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  Reply # 422809 30-Dec-2010 23:42
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geek4me: We are in a newly built Golden Home for 2 years now. It has double glazing, a heat pump but no HRV system. We have had condensation issues both winters.

The main problem is the double glazing was done (cheaply) without an insulation layer between the outside and the inside metal frames. The cold outside temperature transfers directly to the inside metal causing bad condensation on the metal and inside glass requiring the windows to be wiped dry each winter morning.

Keeping bedroom doors open at night reduced the problem, if closed water would condense and drip from bedroom light fittings.


An HRV would definitely help reduce this condensation as would (more expensive) insulated double glazing in my opinion. Sub standard bathroom heat-light-fan extractor units which do not extract the required volume of damp bathroom air do not help the situation.


 

Thats why it is important to spend the money initially on a well designed house with passive solar heating and natural ventiallation, and  with high quality componentry. What you would need is thermally insulated aluminum profiles, as you get condensation on the cold aluminum window frames, and that is a common issue. The alternative is to use timber or PVC frames. The aluminium frames should have a drip tray at the bottom, with a drain to the outside, to drain out the condensation.

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  Reply # 422865 31-Dec-2010 09:09
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Consumer mentioned double glazed aluminium windows in the current or previous issue, how they need an insulating layer in there.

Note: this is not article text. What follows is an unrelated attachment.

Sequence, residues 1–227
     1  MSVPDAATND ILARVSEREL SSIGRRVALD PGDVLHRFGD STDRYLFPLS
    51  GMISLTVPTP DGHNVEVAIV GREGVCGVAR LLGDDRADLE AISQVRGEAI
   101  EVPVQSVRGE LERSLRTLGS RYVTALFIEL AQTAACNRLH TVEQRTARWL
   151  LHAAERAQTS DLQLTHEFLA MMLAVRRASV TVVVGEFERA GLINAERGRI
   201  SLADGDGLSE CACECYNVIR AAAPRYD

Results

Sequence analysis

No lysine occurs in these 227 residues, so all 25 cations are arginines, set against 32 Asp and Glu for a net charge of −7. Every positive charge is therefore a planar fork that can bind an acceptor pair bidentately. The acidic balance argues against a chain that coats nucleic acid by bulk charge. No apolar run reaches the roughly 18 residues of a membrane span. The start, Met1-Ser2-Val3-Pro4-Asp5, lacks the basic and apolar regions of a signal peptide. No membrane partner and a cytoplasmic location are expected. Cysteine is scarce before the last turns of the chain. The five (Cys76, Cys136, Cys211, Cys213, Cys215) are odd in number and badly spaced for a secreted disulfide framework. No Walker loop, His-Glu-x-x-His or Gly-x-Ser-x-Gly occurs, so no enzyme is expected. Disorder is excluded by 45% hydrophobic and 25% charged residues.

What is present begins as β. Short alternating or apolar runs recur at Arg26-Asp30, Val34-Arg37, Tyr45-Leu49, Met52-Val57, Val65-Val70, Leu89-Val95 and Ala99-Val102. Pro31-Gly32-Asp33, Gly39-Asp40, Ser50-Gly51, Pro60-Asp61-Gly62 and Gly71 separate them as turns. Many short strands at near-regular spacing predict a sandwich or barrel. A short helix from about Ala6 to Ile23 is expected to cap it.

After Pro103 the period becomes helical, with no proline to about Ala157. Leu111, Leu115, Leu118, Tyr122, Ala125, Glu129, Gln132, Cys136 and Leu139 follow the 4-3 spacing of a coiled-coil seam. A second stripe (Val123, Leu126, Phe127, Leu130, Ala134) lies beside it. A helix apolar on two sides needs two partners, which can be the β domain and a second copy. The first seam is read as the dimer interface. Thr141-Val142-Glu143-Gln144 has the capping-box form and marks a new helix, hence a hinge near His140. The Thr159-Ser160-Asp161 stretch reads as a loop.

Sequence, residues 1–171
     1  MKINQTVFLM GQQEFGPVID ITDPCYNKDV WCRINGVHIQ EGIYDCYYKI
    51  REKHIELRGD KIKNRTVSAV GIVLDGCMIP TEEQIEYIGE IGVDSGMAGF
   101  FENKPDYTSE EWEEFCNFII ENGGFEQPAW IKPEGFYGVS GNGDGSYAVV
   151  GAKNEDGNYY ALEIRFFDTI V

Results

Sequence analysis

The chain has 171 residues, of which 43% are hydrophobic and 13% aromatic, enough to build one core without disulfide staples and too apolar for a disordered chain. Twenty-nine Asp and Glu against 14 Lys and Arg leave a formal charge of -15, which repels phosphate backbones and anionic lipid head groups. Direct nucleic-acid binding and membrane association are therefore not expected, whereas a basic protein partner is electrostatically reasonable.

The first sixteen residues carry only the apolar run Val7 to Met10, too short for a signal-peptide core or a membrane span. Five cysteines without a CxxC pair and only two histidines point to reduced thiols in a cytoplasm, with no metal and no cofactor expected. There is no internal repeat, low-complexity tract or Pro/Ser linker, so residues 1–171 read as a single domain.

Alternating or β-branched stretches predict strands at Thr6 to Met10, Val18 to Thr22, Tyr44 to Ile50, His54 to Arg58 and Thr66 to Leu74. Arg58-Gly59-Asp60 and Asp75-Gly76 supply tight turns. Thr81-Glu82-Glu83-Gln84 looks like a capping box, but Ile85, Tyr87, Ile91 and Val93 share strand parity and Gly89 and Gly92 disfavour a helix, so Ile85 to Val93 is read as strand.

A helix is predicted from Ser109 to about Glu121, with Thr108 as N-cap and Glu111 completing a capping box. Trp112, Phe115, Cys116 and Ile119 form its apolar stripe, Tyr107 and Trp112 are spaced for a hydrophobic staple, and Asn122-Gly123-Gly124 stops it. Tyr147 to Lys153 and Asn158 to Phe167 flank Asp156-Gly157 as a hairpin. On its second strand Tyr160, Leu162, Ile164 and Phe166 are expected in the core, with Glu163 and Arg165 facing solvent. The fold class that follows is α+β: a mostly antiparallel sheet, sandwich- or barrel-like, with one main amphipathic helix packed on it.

I had my old wooden windows retrofitted with double glazing by Magnetite in Wellington. They have a good product but shockingly bad service, and incompetent installers who did very shoddy work for me. They had to come back five times to do significant rework, they basically put the windows up three times before they got it right. One panel and mounting system actually fell right off the window onto the ground, and the rest were on the way. They also did $3500 worth of damage to my carpet and curtains, getting silicone sealant onto them.




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  Reply # 423602 3-Jan-2011 04:15
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Our house has a heatpump and HRV system with the outside vent add on.
Problem is the HRV will always circulate air constantly. So you have to turn it off to stop it bringing cold air down from the attic or outside when you are trying to heat with the heatpump. And on a cold night you have to turn it off, but it starts up after 8 hours again so on a cold morning, its freezing inside the house.

Also a heatpump will only dry the air when it is cooling the air. Some heatpumps have a dehumidify mode where they will Heat, then cool, then heat - maintaining the temperature but drying during the cooling stages.




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  Reply # 423670 3-Jan-2011 10:58
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Heat pumps have timers, in the winter I always set it to come on an hour before I get out of bed.




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